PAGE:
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Volume 145, 2010
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The effect of multivalent binding on the lateral phase separation of adhesive lipids

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The relationship between the clustering of adhesive lipids and the binding of multivalent ligands has been investigated using a simple model system. Pyrene perfluoroalkyl lipids capped with mannose and biotin were found to extensively phase separate in phospholipid bilayers containing >25% mol/mol cholesterol. This clustering of adhesive lipids into these “artificial lipid rafts” did not enhance multivalent binding in either case, conversely weakening the initial interaction between avidin and phase-separated biotin-capped lipid (at 1% mol/mol). The affinity of concanavalin A for vesicle-bound mannose lipid (K ∼ 2500 M−1) was low and insensitive to the extent of adhesive lipid clustering, fitting an intervesicular monovalent binding model. Although the initial binding of avidin to vesicle-bound biotin lipid was also weak (K up to 8 × 106 M−1), avidin maximised the adhesive interaction by either clustering or dispersing these biotinylated lipids. This reorganisation gave up to a ∼500-fold increase in affinity, consistent with multivalent intramembrane binding of avidin to biotinylated lipids. These observations suggest that in natural systems, high receptor densities in lipid rafts may not be designed solely to generate high affinities for multivalent ligands but also to allow multivalent ligands to induce signal transduction or endocytosis by increasing or decreasing receptor density in lipid rafts.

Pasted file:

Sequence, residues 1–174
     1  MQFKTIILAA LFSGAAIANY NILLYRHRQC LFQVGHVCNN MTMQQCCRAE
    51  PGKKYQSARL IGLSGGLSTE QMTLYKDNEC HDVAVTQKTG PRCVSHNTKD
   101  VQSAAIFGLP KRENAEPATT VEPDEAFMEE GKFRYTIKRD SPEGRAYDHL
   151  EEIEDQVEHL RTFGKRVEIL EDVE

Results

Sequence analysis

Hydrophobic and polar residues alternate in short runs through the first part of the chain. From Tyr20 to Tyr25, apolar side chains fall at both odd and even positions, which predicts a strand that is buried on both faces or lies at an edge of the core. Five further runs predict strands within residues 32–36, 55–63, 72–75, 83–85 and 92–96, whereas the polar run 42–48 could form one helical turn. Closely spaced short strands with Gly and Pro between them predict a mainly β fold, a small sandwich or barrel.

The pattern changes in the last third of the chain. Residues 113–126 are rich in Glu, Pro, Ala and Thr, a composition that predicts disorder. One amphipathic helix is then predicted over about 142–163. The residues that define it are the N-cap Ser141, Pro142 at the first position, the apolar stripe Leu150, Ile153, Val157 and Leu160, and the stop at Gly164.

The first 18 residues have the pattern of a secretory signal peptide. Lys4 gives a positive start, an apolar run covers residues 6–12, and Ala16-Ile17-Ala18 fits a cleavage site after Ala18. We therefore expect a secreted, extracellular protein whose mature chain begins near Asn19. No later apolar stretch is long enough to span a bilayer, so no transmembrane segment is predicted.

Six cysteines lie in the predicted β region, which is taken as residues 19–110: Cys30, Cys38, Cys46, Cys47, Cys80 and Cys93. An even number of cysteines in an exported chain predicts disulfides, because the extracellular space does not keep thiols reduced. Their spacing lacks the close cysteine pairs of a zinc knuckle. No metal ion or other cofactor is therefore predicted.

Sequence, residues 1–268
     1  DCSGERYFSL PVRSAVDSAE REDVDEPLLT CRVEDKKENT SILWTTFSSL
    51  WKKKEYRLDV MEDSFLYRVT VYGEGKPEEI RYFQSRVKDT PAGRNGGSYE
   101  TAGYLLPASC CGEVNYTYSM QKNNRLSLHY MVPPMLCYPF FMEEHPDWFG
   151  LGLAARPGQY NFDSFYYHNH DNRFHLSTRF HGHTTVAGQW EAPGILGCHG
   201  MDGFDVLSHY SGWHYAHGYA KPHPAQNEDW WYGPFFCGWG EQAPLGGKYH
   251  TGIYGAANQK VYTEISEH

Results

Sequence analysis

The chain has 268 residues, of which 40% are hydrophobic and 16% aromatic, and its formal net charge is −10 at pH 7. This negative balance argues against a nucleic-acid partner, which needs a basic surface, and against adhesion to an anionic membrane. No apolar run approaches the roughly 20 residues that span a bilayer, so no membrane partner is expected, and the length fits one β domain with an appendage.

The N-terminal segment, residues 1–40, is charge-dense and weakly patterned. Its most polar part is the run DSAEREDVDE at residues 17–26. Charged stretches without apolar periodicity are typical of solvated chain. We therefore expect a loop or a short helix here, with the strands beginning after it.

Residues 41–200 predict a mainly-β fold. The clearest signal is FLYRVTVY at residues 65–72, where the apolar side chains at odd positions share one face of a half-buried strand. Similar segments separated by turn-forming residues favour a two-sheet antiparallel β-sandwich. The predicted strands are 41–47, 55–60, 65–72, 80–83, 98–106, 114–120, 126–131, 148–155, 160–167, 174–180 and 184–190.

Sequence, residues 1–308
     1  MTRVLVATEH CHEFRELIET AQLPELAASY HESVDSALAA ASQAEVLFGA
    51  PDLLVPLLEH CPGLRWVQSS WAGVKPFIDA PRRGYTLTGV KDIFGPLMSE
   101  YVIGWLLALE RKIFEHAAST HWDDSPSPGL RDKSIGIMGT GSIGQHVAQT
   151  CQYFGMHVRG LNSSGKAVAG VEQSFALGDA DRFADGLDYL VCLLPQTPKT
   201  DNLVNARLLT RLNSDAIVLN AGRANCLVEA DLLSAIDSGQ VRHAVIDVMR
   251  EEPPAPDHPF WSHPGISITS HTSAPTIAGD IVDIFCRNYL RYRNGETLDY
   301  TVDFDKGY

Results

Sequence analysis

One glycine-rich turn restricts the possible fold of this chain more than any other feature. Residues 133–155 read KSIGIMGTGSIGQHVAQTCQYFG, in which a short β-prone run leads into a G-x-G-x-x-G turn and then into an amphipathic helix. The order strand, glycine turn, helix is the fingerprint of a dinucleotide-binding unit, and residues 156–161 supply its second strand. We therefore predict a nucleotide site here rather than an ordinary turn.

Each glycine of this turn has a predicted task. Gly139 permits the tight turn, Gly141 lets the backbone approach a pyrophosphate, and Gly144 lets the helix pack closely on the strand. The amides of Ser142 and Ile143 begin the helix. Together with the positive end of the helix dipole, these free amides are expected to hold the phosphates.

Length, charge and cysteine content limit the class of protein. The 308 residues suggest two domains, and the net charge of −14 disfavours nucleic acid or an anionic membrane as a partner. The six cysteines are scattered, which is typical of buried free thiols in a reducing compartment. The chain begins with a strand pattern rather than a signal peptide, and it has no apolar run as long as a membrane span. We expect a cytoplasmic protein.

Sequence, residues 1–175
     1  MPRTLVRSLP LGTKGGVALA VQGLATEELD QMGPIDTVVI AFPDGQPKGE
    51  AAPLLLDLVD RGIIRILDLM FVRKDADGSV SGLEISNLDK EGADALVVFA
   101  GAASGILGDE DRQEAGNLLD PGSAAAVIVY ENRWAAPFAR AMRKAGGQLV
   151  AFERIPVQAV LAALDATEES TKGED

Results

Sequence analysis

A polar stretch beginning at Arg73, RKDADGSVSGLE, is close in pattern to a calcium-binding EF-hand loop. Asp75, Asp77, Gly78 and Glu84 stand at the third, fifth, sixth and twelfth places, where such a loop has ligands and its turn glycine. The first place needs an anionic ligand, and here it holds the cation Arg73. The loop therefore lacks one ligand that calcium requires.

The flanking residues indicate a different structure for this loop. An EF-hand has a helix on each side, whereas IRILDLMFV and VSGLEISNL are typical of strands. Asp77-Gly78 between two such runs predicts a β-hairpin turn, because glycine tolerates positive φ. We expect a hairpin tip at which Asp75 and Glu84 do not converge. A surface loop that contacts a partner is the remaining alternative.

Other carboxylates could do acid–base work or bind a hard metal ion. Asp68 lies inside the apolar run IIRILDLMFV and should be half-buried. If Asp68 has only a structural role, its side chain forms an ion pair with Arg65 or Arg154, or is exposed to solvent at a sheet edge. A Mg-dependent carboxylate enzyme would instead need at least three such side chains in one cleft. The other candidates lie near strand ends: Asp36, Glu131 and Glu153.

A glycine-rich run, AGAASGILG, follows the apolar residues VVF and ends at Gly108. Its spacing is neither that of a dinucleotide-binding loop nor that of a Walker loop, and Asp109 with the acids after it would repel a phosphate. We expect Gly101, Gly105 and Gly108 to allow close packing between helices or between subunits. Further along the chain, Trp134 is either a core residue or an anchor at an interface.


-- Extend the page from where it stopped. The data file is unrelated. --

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Article information

07 Apr 2009
19 May 2009
First published
19 Oct 2009

Faraday Discuss., 2010,145, 219-233
Article type

The effect of multivalent binding on the lateral phase separation of adhesive lipids

K. P. Liem, G. T. Noble, S. L. Flitsch and S. J. Webb, Faraday Discuss., 2010, 145, 219
DOI: 10.1039/B907114H

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